Presidential hopeful Barack Obama was probably joking when he made comments about the Vikings, but he likely didn't garner any extra votes among Vikings faithful with his comments in North Dakota.
Apparently Barack Obama either knows that Minnesota has voted Democrat in every presidential election since World War II or he needs to learn that you don't bring your football allegiance to the campaign trail.
Obama, appearing Thursday at a brief campaign stop in Fargo, N.D., told the spectators that they should be Bears fans. Obama, a senator from Illinois and longtime Bears fans, was taking a question-and-answer session and the subject of the NFL came up. The typically savvy Obama may have lost a few votes from the face-painting crowd, even if he was joking. He made a case that Vikings fans, like fans of Sen. Clinton, should switch their allegiance.
"You guys need to be re-educated," Obama said. "Go Bears!"
Perhaps it is the presidential nominee who needs re-education. He has espoused letting go of the past and moving forward with a fresh start and a new direction. The Bears are clearly a team whose best days, at least for now, are in the past, while the Vikings are a team on the rise. Besides, the last time the Vikings won a division title was the last time a Democrat was sitting in the White House, so the time for change is now and Obama should be part of the Vikings bandwagon. His Chicago allegiance only goes so far. Cheer for the Cubs. Vikings fans don't care about them. But to step on the toes of Minnesota football fans may not be the best P.R. move for the presumptive Democratic nominee.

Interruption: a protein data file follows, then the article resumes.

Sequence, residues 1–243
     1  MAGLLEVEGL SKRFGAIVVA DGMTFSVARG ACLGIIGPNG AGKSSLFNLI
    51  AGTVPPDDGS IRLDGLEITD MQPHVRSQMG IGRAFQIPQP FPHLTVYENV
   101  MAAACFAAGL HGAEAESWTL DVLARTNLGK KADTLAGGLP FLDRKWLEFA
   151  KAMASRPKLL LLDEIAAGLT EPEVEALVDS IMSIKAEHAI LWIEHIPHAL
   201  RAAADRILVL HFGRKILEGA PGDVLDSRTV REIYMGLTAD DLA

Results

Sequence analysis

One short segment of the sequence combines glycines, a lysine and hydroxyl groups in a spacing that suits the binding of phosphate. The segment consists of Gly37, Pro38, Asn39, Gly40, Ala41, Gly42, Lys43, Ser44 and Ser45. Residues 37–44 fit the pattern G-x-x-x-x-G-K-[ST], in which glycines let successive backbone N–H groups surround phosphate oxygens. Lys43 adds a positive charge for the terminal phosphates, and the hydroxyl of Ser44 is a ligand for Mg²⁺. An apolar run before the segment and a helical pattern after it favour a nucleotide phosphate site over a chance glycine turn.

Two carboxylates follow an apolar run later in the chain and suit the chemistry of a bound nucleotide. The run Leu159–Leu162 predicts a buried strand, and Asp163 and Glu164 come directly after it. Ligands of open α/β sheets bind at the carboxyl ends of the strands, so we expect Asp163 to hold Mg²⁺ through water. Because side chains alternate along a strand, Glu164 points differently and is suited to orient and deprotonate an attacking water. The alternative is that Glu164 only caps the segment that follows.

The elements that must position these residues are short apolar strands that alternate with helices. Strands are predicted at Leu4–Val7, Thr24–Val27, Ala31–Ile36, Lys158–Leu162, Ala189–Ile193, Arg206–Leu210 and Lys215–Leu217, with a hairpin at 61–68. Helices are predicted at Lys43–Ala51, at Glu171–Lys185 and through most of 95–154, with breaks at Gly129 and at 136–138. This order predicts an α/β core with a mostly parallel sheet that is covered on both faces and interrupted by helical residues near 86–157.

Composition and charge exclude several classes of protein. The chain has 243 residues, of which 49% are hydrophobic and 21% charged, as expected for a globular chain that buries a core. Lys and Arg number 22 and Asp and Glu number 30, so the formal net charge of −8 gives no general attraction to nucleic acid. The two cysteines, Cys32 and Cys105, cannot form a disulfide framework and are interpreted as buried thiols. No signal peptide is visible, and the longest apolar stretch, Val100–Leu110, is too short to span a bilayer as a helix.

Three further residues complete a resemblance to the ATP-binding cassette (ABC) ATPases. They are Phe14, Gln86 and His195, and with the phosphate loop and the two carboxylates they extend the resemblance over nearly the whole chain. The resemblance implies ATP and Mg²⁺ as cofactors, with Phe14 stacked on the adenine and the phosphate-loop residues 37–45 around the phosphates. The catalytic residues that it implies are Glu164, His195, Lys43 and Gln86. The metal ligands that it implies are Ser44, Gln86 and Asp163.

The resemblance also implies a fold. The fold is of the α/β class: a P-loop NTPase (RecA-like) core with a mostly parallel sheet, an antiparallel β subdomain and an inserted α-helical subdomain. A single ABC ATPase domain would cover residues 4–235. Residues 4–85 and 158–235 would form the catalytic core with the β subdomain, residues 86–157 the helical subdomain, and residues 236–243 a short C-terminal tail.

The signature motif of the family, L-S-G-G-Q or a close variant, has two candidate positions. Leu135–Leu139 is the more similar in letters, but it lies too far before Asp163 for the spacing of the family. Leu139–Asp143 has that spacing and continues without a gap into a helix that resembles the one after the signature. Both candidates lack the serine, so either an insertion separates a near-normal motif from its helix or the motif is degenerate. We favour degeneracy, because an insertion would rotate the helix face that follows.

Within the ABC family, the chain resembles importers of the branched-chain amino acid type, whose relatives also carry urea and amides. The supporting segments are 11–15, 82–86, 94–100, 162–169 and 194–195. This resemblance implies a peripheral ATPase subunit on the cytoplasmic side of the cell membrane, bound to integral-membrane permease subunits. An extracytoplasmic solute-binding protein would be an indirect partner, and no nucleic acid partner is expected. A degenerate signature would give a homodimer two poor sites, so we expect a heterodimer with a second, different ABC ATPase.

FOURTH OF JULY NOTES
The league had scheduled a supplemental draft for next week, an annual opportunity for players who were not part of the April draft, but, due to circumstances such as hardship or release from their college teams, are subject to teams submitting draft bids. But the supplemental draft was cancelled Thursday. Why? Nobody applied before the deadline.
In his four years in the league, only Jason Taylor has more sacks than Jared Allen's 43.
We'll find out what, if any, ill feelings there are between Allen and the Chiefs July 31 when the Chiefs and Vikings have a shared practice at the University of Wisconsin-River Falls.
With a lot of non-first-round draft picks being signed, the Vikings have yet to start any meaningful contract talks with top pick Tyrell Johnson. But that shouldn't be cause for panic. The Vikings typically don't sign draftees until the final couple of weeks before the start of training camp and, with rookie money essentially slotted after the first round, the contract terms should be pretty simple to meet with Johnson and the other Vikings draft picks.